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"Sweet Relief" - A New Book about Humanitarian Activist Marla Ruzicka

Various search engines continue to send many readers to the Atlantic Review's past posts about Marla Ruzicka, which indicates that there is fortunately still a lot of interest in this "youthful representative of a certain kind of not-yet-lost American idealism" (Rolling Stone Magazine).
Marla founded the Campaign for Innocent Victims in Conflict (CIVIC) and convinced Congress to create an Iraqi War Victims Fund, which was named in her honor after her tragic death in April 2005.
"Marla was alienated from much of the human rights community because she chose to work with the military instead of always against it" said Newsweek's Baghdad bureau chief.

Her friend Jennifer Abrahamson has just published the book Sweet Relief: The Marla Ruzicka Story ( |
Marla Ruzicka was a free spirit, a savvy political operator, a wartime Erin Brockovich. Fiercely determined to improve the lives of the less fortunate, the twenty-something blonde was instrumental in convincing the U.S. government to pass historic legislation aiding civilian victims of war.
Sweet Relief recounts Marla's journey from an idyllic childhood in a small California town, through Latin America and Africa, and finally to the war zones in Afghanistan and Iraq. Whether she was Rollerblading the halls of Congress to secure funds for civilians in Iraq or throwing parties for journalists in Kabul to raise awareness of her cause, no one who came within a hundred yards of Marla missed her. Her friendly smile and indefatigable pose were ubiquitous in Afghanistan and Iraq where Marla managed a door-to-door effort to identify war victims. While Marla worked tirelessly to care for others, in many ways she neglected herself. A diagnosed manic-depressive, Marla battled extreme emotional lows and an eating disorder. And although she brought love into the homes of the aggrieved, she often struggled to find a love of her own. Marla gave the invisible victims of war a voice and, in the process, helped to win them millions of dollars in unprecedented aid. Tragically, Marla was killed by a suicide bomber on Airport Road in Iraq in April 2005. Weeks later, the U.S. government named the program she fought so hard to establish The Marla Ruzicka Fund. Her life and legacy are an inspiring reminder that love and determination can conquer all.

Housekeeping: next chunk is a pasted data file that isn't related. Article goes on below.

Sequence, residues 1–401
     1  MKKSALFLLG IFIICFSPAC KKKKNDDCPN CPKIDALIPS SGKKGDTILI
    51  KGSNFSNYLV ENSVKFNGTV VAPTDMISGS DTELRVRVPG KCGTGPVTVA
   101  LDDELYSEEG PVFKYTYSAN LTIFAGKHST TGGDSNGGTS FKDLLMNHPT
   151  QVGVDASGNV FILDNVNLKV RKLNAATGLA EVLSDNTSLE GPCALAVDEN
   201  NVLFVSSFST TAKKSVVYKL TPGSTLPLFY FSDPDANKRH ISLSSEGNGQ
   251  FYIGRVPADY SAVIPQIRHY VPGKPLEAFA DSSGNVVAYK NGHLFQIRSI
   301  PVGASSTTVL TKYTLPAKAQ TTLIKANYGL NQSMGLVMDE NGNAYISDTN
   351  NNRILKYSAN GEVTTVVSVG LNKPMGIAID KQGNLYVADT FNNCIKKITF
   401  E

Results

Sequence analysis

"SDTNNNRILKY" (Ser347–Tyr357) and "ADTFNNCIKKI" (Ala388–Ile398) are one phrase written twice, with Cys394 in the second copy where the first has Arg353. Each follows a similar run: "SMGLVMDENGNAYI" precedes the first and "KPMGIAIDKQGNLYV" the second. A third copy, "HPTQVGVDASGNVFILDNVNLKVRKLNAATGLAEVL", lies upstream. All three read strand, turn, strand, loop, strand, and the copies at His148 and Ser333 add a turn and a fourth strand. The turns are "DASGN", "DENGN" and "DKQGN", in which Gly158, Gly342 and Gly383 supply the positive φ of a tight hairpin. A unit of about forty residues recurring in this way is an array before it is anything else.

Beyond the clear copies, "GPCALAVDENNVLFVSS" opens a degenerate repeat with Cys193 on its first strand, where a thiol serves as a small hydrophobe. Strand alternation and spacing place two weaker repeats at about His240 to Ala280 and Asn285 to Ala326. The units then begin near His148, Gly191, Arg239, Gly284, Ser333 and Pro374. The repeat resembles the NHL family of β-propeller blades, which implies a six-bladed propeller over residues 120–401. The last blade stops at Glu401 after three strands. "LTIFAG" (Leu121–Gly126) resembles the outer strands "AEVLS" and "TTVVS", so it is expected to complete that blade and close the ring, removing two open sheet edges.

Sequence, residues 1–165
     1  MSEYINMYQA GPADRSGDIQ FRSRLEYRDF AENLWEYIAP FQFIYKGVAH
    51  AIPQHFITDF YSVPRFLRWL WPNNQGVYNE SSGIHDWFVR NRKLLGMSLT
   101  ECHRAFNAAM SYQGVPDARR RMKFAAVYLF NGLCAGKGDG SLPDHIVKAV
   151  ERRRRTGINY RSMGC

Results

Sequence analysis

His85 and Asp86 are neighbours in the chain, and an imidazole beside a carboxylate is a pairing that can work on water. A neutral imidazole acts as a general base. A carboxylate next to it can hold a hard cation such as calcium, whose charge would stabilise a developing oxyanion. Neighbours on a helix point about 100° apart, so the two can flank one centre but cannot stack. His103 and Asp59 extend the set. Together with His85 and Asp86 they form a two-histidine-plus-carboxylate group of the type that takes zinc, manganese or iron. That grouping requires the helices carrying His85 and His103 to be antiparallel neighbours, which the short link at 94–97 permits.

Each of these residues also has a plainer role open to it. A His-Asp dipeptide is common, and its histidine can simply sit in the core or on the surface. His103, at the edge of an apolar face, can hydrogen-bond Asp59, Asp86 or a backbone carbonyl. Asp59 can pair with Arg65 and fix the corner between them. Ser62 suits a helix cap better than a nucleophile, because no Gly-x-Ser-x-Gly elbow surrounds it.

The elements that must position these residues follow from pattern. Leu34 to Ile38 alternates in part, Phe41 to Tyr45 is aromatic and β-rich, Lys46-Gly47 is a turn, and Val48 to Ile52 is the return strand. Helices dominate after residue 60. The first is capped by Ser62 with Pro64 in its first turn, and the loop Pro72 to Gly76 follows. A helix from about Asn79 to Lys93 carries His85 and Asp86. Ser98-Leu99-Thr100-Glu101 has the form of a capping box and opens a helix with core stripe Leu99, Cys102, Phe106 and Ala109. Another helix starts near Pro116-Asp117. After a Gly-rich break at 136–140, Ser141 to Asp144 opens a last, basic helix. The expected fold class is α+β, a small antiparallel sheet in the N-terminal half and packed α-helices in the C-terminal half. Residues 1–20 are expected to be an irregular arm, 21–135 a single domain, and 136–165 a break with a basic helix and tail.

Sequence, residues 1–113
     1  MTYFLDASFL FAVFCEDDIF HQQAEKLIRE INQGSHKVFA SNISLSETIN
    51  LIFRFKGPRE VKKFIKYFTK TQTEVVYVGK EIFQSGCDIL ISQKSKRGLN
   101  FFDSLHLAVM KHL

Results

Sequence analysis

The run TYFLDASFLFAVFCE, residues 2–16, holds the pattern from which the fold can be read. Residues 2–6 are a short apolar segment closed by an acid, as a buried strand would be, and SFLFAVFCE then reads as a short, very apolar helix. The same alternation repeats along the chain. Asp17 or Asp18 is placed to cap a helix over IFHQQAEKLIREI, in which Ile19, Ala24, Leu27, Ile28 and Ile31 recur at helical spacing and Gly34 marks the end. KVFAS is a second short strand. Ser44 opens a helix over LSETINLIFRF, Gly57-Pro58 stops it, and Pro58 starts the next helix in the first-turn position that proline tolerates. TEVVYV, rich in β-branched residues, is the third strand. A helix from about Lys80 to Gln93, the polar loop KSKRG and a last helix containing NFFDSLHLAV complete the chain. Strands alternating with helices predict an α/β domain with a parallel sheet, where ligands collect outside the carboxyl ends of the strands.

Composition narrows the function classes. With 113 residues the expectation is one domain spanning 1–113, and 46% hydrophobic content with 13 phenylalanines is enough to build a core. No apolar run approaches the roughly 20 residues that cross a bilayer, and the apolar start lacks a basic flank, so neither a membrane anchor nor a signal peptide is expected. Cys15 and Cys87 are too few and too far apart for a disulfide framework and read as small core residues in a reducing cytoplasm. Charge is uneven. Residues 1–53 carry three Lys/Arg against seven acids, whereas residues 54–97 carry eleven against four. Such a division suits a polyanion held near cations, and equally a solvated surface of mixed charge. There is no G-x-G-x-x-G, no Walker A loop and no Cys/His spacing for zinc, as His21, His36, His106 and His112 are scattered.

A movie about Marla Ruzicka, starring Kirsten Dunst, is in the making. "The screenwriter is finishing up her script and has relied heavily on the book", writes Jen Abrahamson.
For more background on Marla's life, work and achievements, here are two of the Atlantic Review's previous posts: Marla Ruzicka, Civilian Victims and Reconciliation and Marla Ruzicka and the Iraqi War Victims Fund.


Atlantic Review on : Doubts about Death Numbers in Iraq, but not in Darfur

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Between 392,979 and 942,636 more people have died in Iraq since coalition forces arrived in March 2003 than would have died if the invasion had not occurred, is the conclusion of a survey by Iraqi physicians and overseen by epidemiologists at the Johns Ho


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Anonymous on :

Hello! I admire Marla Ruzicka too. As an activist-turned-aid worker she believed that combatant governments had a legal and moral responsibility to compensate the families of civilians killed or injured in military conflicts.You have found good words to describe her "Marla Ruzicka was a free spirit, a savvy political operator, a wartime Erin Brockovich."

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